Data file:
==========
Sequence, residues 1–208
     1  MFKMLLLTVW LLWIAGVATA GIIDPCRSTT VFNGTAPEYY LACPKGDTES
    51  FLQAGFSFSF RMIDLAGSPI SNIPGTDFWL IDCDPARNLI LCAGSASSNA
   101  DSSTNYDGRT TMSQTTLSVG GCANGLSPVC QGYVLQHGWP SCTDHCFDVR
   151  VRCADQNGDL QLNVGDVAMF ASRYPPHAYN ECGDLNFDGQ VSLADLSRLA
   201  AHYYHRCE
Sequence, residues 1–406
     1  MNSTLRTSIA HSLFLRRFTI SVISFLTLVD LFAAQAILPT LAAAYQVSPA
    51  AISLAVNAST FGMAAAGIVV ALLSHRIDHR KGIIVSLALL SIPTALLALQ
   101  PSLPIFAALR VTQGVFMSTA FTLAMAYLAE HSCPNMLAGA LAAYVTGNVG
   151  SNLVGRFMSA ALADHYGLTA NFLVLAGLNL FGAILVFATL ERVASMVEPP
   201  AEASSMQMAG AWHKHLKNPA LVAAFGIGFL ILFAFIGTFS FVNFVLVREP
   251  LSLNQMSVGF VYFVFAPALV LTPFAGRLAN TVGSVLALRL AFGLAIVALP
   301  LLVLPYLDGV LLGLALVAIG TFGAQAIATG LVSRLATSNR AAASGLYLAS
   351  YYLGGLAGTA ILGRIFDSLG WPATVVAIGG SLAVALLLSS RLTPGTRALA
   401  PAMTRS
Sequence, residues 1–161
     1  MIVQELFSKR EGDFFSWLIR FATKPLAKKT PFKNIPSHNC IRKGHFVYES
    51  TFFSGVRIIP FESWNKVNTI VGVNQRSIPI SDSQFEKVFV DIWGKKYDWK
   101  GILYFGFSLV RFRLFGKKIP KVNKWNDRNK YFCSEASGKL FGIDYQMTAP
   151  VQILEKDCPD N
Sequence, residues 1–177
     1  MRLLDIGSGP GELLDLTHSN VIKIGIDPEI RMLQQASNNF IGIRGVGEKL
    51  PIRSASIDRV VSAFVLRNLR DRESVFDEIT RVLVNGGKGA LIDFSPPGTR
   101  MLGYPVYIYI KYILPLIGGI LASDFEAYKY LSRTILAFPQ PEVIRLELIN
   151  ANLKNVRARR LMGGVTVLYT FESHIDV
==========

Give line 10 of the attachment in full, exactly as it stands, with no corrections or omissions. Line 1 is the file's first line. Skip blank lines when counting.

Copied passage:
   101  PSLPIFAALR VTQGVFMSTA FTLAMAYLAE HSCPNMLAGA LAAYVTGNVG